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Legislative costs restrict industry

Legislation costs are continuing to blight competitiveness for the car industry, according to the Society of Motor Manufacturers and Traders’s third annual survey, ‘Automotive Manufacturing 2005’.

While productivity is improving and initiatives to address the skills gap are starting to bear fruit, the industry has called for action to limit the legislative cost burden.

The sector remains critical about transport infrastructure and has called for more support from the Government for international trade.

SMMT president Roger Putnam said: “Our survey shows the strength of feeling about the cost burden of new and sometimes conflicting legislation. This central concern is one reflected across Europe but my hope is that it may subside in years to come.”

Key report findings reveal:

  • Growth is expected by most companies in the next five years. 84% of those surveyed say that prospects are good compared to 81% last year and 75% in 2003.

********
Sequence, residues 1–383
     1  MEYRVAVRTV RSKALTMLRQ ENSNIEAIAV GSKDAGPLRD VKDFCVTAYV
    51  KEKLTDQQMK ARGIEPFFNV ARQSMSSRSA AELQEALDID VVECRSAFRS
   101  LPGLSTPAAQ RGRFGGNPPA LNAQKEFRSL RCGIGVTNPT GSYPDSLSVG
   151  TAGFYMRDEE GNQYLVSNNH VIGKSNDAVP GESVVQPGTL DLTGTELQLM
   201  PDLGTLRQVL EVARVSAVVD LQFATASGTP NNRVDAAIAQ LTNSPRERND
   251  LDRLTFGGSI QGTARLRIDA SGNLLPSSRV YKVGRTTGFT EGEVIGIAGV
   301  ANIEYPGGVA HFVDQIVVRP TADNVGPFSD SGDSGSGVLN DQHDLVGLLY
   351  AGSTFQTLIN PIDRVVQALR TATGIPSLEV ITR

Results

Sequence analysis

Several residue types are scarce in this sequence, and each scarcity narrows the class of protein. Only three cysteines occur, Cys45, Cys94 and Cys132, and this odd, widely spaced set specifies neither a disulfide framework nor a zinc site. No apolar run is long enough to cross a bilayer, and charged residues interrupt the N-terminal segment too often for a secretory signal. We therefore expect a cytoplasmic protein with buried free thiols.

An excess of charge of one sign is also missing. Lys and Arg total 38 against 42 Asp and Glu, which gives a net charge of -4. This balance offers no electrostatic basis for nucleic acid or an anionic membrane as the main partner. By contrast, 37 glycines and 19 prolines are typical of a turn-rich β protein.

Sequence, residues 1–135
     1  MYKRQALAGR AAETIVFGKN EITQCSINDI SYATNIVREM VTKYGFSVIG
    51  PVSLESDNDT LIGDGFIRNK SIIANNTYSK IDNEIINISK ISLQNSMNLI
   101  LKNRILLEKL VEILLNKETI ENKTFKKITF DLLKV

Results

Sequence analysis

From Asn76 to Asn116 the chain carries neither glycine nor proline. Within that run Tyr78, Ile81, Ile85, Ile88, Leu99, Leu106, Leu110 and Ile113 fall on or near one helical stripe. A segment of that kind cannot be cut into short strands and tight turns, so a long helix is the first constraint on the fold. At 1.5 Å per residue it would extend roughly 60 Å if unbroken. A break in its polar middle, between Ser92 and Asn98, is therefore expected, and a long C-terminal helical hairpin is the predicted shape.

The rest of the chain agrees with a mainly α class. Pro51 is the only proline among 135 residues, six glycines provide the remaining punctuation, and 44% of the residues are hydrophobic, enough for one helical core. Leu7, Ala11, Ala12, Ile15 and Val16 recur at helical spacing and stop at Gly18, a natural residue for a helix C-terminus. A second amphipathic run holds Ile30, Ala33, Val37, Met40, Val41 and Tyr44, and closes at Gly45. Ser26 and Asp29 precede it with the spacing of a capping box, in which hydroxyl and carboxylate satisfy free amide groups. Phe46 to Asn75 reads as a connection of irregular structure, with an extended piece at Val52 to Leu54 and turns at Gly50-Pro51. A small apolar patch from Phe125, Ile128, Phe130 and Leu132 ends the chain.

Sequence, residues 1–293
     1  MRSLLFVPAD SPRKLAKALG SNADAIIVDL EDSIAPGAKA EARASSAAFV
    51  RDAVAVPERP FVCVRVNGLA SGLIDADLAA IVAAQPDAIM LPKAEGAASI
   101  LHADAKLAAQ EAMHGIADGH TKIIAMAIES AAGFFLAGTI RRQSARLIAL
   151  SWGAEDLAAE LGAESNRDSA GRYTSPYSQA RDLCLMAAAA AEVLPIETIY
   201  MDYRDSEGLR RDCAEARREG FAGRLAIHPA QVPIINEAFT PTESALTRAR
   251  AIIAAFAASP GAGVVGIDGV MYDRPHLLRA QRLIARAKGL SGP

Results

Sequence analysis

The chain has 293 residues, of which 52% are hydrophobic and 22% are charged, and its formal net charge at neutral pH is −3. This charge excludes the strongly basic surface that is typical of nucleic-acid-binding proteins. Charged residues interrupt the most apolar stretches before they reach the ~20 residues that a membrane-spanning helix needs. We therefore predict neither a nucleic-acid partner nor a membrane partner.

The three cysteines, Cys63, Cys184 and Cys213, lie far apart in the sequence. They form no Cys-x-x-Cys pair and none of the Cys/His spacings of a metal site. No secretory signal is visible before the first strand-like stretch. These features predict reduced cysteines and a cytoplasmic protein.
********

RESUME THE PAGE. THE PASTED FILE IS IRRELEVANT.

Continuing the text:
• 95% of those surveyed say that the burden of legislation has significantly increased costs in the last five years; 93% believe the situation will worsen in the next five.

  • Respondents are pessimistic about improvements in the UK business environment. While 53% feel it will improve over five years compared to mainland Europe, this figure falls to 30% when compared with the US and just 4% in relation to companies operating in the Asia-Pacific region.

  • The UK transport infrastructure makes it difficult for UK companies to remain competitive according to 78% of those surveyed, with 87% believing it will not improve in the next five years.

  • Just 9% of respondents feel that government support for international business development has improved over the last year.

  • On skills, 48% of those surveyed say that it is hard to recruit appropriately skilled employees. However, this is an improvement from 65% last year.

  • Level three skills remain the greatest headache for employers. Nevertheless, in three years, the proportion of respondents citing it as the most difficult area to recruit has fallen from 46 to 29%.

  • Two-thirds of companies are aware of the work of the Automotive Academy, compared to just one third last year, with 89% saying it is key to addressing the skills gap in automotive manufacturing.

    Automotive Manufacturing 2005 – the Industry Perspective was published at SMMT's annual dinner yesterday. Copies are available to download here

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